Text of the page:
“Happiness? I would think the visible and invisible scars on you would say different. How about we ask Walter what he thinks.”
Edna moved to the front of the refrigerator, opened it, and pulled out a half-gallon of curdled milk.
“Old milk—that perfectly describes Walter.”
“Enough!” said Margaret. She finally lost her composure. Neither of the ladies could hear the distant thunder as the tension in the room came to a boiling point.
“You’re right, this is enough,” replied Edna.
“I think it’s best for you to leave. I have other things to do today, and I’m not going to waste my time explaining my life to someone that doesn’t understand.”
There were no words left for either to say. The refrigerator made a rattle noise as Edna grabbed her purse and coat, making her way out the door and into the hallway. She didn’t slam the door or yell out from the hallway.
Even the thunder outside couldn’t shake Margaret away from her train-of-thought as she stood next to the refrigerator. She wasn’t sure if this time there was any going back between the two. Friendships come and go, but Margaret saw nothing more than departure with friends.
Then the power went out.
This would’ve been a freak out for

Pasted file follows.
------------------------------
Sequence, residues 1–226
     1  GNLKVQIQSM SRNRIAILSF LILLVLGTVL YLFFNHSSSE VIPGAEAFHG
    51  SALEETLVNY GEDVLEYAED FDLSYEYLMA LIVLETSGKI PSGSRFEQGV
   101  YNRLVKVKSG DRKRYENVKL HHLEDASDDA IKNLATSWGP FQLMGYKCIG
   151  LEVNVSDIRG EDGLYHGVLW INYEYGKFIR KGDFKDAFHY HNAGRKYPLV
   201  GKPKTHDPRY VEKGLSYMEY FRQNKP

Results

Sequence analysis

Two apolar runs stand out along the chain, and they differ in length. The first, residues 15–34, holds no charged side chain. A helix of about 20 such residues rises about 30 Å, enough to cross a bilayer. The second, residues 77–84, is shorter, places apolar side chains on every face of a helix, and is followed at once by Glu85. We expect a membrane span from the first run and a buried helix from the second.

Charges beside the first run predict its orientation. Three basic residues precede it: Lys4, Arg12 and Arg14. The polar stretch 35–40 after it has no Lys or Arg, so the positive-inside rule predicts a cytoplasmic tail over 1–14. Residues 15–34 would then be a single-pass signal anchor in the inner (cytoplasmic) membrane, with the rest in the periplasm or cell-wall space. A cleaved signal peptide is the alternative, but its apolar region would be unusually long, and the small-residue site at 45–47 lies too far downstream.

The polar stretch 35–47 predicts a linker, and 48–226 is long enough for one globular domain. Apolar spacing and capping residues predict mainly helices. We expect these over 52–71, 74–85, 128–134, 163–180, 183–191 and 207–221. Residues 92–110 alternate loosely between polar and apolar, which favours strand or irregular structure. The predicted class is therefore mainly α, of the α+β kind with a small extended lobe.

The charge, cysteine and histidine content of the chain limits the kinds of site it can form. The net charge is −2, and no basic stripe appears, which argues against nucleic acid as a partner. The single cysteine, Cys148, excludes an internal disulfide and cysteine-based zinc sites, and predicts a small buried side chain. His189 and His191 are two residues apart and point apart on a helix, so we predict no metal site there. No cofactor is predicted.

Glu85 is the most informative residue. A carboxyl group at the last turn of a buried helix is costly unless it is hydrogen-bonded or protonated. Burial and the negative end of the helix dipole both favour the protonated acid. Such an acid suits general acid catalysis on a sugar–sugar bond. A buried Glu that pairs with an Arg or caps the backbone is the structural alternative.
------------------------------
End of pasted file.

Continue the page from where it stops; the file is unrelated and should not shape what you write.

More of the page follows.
Margaret, but she stood in the kitchen with the same expression she had when Edna left. Time lost all meaning in this moment for her. A minute and an hour meant the same to her now. The thoughts were going in and out of her head at a fast pace. She was eventually tired of thinking and just wanted to sit down. Her legs moved backwards to the kitchen seat, and as she was sitting down a knock came from her door. She brought back her focus and stood up straight. Making her way back to the door, she knew what she would say to Edna.
Leo was standing before her with a sunny attitude in a dark place. He had on his raincoat and boots like he was going out.
“I know this is unannounced,” he said, “but I just wanted to make sure everything was ok with you. A couple of my neighbors upstairs told me the power went out throughout the entire area, and the phones aren’t working. Not sure when the power will come back, but judging by this storm, it looks like it won’t for a while.”
“Leo, would you like to come in?”